NASA has pulled off the most technically audacious part of bringing its newest flagship observatory online: unfolding it.
On Saturday, Jan. 8, the operations team for the James Webb Space Telescope (JWST) announced that the observatory’s primary mirror had successfully unfolded its segments — the last major step of the telescope’s complicated deployment.
The moment was a euphoric moment of validation for the entire team. “We’re on an incredible high right now,” said Bill Ochs, JWST’s project manager, at a press conference. “Today represents the beginning of a journey for this incredible machine, to its discoveries that we’ll be making in the future.”
To fit inside the nose cone of the Ariane 5 rocket that launched it, the telescope had been designed to fold up, origami-style, and unfold once in space. The approach was risky: Like a Rube Goldberg machine, every step needed to occur correctly, in order. An engineering report concluded there were 344 different ways the process could fail, dooming the $10-billion observatory.
But now, NASA’s big bet seems to have paid off.
Beginning its journey
The elaborate deployment procedure began shortly after the Dec. 25 launch. On Jan. 4, the team finished unfolding and tensioning the craft’s sunshield, which will block the heat of the Sun and Earth and allow the telescope and its infrared-sensitive instruments to cool to –370 degrees Fahrenheit (–223 degrees Celsius).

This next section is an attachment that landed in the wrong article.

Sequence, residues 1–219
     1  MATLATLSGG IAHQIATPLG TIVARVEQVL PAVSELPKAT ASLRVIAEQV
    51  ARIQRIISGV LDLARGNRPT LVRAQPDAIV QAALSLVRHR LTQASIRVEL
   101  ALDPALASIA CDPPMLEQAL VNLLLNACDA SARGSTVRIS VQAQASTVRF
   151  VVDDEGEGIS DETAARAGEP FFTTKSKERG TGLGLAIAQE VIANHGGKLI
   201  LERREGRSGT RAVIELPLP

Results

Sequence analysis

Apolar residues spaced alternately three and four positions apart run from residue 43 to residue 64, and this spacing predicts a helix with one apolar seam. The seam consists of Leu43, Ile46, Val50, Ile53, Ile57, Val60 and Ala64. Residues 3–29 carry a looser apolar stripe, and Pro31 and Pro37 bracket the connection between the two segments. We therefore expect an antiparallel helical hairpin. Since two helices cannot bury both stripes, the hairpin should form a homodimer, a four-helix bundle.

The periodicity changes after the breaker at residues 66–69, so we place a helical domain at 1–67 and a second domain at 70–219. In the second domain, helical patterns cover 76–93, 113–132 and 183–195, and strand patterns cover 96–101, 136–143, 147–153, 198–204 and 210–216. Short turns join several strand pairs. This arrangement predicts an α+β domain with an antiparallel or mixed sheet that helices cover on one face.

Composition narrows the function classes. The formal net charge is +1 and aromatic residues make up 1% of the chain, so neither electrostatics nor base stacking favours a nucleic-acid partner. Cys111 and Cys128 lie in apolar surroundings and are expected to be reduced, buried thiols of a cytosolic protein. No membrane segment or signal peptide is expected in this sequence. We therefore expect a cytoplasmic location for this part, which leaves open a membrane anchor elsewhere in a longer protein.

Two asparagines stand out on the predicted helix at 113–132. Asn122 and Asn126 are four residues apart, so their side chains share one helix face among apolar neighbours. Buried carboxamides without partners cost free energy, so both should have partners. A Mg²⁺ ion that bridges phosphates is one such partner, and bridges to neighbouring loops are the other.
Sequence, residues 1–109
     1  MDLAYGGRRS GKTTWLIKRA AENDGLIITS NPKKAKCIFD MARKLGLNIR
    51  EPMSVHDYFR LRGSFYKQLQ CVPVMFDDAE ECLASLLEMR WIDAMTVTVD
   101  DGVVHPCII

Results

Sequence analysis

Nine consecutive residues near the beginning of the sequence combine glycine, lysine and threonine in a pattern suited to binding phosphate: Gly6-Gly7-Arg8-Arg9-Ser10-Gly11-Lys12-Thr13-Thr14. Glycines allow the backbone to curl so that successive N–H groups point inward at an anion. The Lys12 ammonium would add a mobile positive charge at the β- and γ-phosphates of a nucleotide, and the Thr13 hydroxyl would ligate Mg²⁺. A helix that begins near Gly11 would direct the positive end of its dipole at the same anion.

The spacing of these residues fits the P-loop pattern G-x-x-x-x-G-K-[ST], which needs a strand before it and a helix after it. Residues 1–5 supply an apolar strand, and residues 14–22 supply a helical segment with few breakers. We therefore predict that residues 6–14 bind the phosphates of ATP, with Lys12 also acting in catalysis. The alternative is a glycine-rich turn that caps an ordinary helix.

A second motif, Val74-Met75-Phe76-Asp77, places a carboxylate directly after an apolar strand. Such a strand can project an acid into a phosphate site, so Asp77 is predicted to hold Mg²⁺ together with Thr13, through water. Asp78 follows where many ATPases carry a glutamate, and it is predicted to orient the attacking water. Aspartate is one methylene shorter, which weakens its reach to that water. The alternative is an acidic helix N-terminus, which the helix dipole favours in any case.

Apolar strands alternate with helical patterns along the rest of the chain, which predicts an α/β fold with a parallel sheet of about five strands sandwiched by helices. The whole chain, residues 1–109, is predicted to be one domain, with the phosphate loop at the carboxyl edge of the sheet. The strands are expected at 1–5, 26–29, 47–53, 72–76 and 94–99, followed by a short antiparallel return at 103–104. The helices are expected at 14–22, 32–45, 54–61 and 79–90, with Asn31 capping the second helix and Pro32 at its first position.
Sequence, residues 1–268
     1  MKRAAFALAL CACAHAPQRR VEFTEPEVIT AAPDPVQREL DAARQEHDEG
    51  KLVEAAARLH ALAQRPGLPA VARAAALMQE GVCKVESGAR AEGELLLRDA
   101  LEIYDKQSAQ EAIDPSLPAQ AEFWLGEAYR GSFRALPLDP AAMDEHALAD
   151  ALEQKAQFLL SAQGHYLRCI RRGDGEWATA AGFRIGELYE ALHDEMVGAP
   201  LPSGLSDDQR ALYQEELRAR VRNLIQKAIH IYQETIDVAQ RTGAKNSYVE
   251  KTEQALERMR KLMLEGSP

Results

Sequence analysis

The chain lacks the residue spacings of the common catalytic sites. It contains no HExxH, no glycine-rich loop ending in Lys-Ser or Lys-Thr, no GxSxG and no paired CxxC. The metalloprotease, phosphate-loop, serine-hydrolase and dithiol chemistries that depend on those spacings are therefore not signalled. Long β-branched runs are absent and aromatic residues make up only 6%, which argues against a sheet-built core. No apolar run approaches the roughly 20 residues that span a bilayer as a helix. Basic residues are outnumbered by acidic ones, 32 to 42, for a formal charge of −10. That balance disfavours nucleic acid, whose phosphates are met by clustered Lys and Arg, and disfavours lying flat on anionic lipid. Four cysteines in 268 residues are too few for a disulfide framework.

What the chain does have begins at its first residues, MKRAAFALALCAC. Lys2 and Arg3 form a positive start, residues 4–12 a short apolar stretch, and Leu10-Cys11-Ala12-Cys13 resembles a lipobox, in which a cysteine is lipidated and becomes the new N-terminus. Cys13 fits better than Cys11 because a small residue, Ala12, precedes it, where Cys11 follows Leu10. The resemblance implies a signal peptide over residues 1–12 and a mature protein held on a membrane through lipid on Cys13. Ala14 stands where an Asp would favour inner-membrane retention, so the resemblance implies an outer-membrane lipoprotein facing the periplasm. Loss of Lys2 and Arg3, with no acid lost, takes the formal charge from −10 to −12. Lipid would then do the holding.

The final major step was unfolding the telescope’s primary mirror wings. JWST’s 6.5-meter primary mirror consists of 18 hexagonal segments, three of which on each side were folded back at launch. Deploying them meant releasing the mechanisms holding them in place, using motors to rotate them into place, and then spending a couple hours to latch it into place.
On Friday, Jan. 7, the JWST team carried out this delicate process for the port wing. The next day, the team tackled the starboard wing, and at 1:17 P.M. EST, it latched into place.
At the Space Telescope Science Institute in Baltimore, JWST’s base of operations, engineers cheered and traded fist bumps. “The fact that it looked easy just emphasizes that we did all the right things leading up to this moment,” said Ochs.
With its mirrors now deployed, the craft is in its final form. As of Tuesday afternoon, it is just over 80 percent of the way to the L2 Lagrange point, which is just under 1 million miles (1.5 million kilometers) away. You can track its progress at JWST’s website.
JWST still faces a long road before it is fully operational. The team must next align the telescope’s mirrors, which should take about three months. Then it will finish commissioning all of its instruments, ensuring they are cooled and in proper working order. But if all goes well, in less than six months, the telescope’s first images will be revealed.